Each student will write two response papers during the course of the semester. Each paper may be a maximum of seven double-spaced pages (normal fonts and margins). It must be submitted by 12 noon the day before the relevant class meeting. Late papers will be subject to penalties (see the lateness policy, below). Please number your pages, include your name on the first page, and email your papers to me. You will be provided with further instructions in class on writing the response papers.
The midterm exam will cover all the course material up to the date of the exam.
The participation grade in this course is significant. It will be based not only on your involvement in seminar discussions, but also on evidence that you have completed and understood the weekly readings.
The final exam, to be held in class, will take place during the exam period and will cover the entire course. In their exam answers, students will be expected to present their own analysis based on the course materials, and also to refer specifically to relevant course readings. Further information on the final exam will be provided in class.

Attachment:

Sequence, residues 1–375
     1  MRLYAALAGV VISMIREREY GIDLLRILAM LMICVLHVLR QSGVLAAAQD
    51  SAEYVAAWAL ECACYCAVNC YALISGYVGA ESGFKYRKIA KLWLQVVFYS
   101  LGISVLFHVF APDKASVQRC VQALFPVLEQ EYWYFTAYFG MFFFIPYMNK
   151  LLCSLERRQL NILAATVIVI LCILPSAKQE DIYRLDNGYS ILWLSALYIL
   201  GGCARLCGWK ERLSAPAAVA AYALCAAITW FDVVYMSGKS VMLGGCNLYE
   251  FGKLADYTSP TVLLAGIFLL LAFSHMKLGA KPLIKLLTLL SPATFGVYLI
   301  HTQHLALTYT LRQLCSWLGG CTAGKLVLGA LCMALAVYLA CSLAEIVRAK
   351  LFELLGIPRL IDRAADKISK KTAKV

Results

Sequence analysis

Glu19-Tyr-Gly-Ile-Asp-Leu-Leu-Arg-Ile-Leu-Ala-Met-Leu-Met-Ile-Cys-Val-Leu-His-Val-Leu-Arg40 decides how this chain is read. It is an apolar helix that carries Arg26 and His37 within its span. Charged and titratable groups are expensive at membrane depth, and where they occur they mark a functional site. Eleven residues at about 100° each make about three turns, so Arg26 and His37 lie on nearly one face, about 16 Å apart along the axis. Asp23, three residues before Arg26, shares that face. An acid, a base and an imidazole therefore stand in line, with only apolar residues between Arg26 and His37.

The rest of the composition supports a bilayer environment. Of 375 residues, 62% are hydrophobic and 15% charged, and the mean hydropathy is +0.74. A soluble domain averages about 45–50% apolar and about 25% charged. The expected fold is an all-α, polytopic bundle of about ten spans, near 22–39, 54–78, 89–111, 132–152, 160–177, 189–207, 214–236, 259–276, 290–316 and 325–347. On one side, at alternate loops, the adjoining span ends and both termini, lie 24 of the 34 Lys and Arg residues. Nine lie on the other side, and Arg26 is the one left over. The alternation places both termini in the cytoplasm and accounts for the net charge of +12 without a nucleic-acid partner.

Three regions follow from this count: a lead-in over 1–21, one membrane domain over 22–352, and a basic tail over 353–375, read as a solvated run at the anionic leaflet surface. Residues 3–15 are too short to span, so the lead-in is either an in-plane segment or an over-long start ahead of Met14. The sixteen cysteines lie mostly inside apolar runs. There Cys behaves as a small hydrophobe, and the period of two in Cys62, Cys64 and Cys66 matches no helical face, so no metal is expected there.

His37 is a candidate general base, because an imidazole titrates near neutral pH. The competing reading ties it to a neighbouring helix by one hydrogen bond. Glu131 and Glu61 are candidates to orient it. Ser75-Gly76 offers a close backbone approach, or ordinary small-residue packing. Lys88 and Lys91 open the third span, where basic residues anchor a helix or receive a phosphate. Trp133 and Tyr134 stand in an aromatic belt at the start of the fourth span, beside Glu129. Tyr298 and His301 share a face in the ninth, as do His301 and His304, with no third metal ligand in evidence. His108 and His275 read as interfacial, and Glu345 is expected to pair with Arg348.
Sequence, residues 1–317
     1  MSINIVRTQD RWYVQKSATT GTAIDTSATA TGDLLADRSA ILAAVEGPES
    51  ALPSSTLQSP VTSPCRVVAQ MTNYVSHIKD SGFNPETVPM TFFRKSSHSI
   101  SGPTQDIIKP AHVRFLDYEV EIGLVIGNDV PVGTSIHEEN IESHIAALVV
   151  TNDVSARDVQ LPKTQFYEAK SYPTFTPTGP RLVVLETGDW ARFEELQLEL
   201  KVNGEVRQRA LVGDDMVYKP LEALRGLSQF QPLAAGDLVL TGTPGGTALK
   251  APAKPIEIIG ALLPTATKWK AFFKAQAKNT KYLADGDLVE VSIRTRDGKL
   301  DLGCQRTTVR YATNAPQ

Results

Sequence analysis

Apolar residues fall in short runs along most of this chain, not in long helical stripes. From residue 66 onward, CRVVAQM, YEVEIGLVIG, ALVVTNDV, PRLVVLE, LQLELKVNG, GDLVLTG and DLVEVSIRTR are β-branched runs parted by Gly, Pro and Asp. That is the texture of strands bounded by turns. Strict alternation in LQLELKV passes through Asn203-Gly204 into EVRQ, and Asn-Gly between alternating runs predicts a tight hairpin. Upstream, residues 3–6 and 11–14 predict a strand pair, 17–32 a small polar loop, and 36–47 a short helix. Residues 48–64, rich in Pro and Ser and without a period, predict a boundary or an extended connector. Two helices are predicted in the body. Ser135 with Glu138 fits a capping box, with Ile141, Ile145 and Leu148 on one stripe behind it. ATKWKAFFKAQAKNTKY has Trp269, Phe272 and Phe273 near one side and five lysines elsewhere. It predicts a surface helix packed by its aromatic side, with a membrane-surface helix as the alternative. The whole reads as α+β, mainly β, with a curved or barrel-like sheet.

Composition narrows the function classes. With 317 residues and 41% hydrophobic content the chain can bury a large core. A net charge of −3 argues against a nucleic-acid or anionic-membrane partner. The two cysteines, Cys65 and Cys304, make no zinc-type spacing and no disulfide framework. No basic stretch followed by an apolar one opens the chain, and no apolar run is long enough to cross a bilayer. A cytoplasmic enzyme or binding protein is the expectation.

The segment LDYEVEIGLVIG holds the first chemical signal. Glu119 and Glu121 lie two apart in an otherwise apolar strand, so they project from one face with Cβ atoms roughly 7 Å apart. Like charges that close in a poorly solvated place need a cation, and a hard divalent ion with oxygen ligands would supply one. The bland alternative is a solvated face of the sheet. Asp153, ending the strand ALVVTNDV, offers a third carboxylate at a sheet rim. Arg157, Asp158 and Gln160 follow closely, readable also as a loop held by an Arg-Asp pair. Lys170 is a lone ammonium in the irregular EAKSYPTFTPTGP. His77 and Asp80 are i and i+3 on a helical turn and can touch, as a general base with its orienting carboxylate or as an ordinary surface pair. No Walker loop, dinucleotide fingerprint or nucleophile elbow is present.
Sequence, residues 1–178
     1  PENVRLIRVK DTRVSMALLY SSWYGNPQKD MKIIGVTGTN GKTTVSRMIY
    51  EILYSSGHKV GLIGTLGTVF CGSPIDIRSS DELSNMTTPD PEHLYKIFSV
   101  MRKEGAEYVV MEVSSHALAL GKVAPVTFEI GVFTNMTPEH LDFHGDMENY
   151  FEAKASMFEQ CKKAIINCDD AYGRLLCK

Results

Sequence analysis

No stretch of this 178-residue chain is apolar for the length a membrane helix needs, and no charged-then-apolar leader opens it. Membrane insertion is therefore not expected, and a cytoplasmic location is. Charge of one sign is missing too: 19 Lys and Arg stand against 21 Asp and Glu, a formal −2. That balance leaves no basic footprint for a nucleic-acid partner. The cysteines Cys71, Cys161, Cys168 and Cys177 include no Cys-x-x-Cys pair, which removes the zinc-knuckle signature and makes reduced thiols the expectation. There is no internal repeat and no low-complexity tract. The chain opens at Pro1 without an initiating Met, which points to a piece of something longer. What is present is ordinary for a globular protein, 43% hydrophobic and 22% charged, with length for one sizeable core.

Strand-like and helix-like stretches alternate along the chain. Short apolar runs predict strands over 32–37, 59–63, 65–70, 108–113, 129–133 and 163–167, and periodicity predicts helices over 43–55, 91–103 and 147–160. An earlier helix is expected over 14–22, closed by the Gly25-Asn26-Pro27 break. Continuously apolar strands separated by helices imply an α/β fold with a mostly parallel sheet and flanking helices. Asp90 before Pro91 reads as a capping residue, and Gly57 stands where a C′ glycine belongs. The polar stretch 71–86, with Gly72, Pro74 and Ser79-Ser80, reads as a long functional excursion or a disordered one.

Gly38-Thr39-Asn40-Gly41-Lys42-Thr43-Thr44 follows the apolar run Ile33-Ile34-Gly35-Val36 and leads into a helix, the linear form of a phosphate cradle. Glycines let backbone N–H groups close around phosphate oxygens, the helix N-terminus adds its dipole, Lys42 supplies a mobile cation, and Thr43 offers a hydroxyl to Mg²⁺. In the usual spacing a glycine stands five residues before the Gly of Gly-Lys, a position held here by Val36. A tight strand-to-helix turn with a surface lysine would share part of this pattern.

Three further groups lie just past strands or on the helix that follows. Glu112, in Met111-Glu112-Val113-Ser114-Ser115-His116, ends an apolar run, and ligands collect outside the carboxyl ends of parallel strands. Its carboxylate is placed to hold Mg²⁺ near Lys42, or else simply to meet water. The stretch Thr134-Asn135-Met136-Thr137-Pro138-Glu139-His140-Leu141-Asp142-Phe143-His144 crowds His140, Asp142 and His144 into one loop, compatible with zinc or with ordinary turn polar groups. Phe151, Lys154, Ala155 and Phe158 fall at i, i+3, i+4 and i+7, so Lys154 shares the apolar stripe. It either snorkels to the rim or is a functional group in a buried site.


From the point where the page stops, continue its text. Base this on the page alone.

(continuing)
The required readings for this course consist of ten books and two articles. All ten books have been ordered by the Agora Bookstore (145 Besserer Street).
Scholarly articles are available via the university library’s website. For free access to subscriber-only material, connect to the university’s website from a University of Ottawa-networked computer. For off-campus access, please follow these instructions: http://www.biblio.uottawa.ca/html/Page?node=get-access&lang=en.
Cheating and Plagiarism